For years I raged against the word “cute” whenever the nurses at our medical clinic used the word to describe an especially lively or charming older patient.

“No!” I would insist. “That 80-year-old woman is a tough cancer survivor. She’s fit and smart. She has a spontaneous sense of humor. She’s not cute! She’s old. My 3-year-old grandchild is cute.”

The nurses understood my point, that “cute” is condescending. These were well-educated, savvy women in their 30s and 40s. Nobody would ever call them cute. They tried to avoid the word. But sometimes they slipped, and we joked about it.

I retired from my job as clinic administrative assistant in 2012. And then I kind of forgot about these conversations.

Then, one Saturday night, my husband and I went to a play with a pair of friends, Janet and Richard, at a theater in downtown Minneapolis. I made a 10 p.m. reservation at a nearby restaurant for an after-theater dinner. My son and daughter-in-law had given me a gift certificate for this particular restaurant, one of their favorites.

When we arrived a few minutes after 10, the bar and restaurant were crowded and noisy. But there was a large, U-shaped booth saved just for us. So the four of us scrunched together in the bowl of the U. Why so close? Because two of us wear hearing aids and a third was probably overdue for testing.

We drank wine and beer and discussed the play. We disagreed on whether the staging complemented the actors’ abilities. We shared tasty appetizers, laughed about the behaviors of our pet dogs, briefly discussed the cancer treatment one of us would begin the following week and devoured a delicious array of salads, pastas and meats.

Near midnight, the crowd in the restaurant thinned out a bit, making conversation more feasible. We stayed on. I had another glass of wine. My husband, Clyde, ordered a cup of coffee and we all considered dessert.

That’s when a young man approached our table to introduce himself. At first, I thought he might be the assistant manager, because he started saying he was glad we were enjoying ourselves.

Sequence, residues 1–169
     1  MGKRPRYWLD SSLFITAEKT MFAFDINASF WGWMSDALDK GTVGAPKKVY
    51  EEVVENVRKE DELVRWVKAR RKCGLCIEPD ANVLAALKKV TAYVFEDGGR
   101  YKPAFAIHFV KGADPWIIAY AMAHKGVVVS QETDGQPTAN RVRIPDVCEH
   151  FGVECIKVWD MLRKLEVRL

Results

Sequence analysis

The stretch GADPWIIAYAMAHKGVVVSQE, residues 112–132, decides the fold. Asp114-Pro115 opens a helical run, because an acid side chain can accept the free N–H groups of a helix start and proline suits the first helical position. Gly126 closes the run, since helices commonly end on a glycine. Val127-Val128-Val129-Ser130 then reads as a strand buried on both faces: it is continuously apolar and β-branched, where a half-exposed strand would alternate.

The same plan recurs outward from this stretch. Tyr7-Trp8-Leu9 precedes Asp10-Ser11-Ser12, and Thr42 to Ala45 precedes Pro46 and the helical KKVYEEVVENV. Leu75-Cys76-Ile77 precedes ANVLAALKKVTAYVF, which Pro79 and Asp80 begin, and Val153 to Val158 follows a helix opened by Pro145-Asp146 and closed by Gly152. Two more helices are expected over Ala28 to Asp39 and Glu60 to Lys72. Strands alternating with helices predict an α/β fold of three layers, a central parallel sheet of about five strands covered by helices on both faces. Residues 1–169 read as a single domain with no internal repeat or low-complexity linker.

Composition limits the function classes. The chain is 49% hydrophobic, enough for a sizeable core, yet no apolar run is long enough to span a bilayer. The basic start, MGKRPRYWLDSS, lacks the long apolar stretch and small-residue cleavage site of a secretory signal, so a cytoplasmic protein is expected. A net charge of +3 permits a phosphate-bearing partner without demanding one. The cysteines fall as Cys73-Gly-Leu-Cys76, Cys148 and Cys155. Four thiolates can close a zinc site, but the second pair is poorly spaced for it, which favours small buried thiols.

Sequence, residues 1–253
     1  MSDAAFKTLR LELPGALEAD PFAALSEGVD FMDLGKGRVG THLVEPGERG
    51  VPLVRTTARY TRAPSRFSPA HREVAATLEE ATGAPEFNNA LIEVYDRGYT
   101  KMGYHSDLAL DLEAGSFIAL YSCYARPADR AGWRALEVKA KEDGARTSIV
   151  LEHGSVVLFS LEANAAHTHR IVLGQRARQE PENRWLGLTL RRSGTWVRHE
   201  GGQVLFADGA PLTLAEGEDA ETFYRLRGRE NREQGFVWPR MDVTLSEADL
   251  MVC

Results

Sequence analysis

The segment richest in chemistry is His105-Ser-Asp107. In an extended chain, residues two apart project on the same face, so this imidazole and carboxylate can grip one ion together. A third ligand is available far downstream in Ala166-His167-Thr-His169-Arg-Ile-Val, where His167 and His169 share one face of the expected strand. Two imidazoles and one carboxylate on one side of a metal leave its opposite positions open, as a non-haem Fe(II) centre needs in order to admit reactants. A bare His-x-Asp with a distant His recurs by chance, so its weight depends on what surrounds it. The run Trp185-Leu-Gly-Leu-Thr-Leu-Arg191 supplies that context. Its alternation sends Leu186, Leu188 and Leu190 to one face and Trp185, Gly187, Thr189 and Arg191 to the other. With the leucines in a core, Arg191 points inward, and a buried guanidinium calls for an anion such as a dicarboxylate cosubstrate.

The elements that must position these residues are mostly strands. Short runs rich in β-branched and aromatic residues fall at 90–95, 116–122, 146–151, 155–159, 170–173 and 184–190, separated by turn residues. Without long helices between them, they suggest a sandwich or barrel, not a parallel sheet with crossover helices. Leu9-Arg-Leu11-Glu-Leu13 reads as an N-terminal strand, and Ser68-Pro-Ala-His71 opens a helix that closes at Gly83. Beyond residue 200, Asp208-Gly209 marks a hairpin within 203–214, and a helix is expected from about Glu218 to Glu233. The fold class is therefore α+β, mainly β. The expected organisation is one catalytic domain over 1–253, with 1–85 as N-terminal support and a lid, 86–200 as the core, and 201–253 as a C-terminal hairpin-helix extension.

Then I got it straight. His name was John, and here’s what he said: “My friends and I are sitting in that booth across the room, and we’ve noticed that you really seem to be having a great time. I just came over to say how much you’ve added to our own fun this evening.” Or something like that.

We said, “Oh, thanks! We are having a good time.”

I looked at our little group of four: Janet and I wear our white hair in short, soft styles. Clyde and Richard are really quite bald. Some of us wear glasses. All of us have creases and wrinkles on our faces and blue veins running along the backs of our hands.

Oh, no, I thought, we’re sitting here being “cute.”

The next day I talked with my younger sister in Denver. She told me about the new man in her life, someone she met via a “matchup website for old people.” She especially appreciated him because he loved to dance, and so did she. They’d been going to clubs for about three months and had been approached numerous times by young people who appreciated their dancing. Hmmm.

We agreed that even my sister, now in her 60s, had become “cute.”

At first I felt a little crabby about the unsolicited attention. Now I’ve changed my mind.

I’m worried about the young people. They apparently have many troubles — you know, with insecure jobs and shaky relationships. Some of them have children of their own — and raising children is awfully stressful. So many young people appear fearful about the future. Maybe they’re worried they’re not saving enough for their kids’ college and their own retirements. Maybe they’re indulging in binge-drinking or other escapist behaviors.

I think that we, as older adults with years of experience, owe it to younger adults to model healthy aging. I’m calling upon all people over the age of 60 to go out and do something that will be noticed and admired by young people. I once read that actress Shirley Jones chose to sky-dive on her 80th birthday. That’s one idea. And it’s beyond cute.

The rest of us don’t need to jump out of aircraft. But we can stay out really late on occasion. We can kiss or hold hands in public — a subtle signal that old age can include love and tenderness.

Engage with friends. Laugh out loud. Dance.

Go for it. Become cute. Perhaps a young person’s burden will be lightened.


Lucia Wilkes Smith is a longtime activist working for peace and social justice. In her North Side neighborhood she teaches creative writing through Minneapolis Community Education.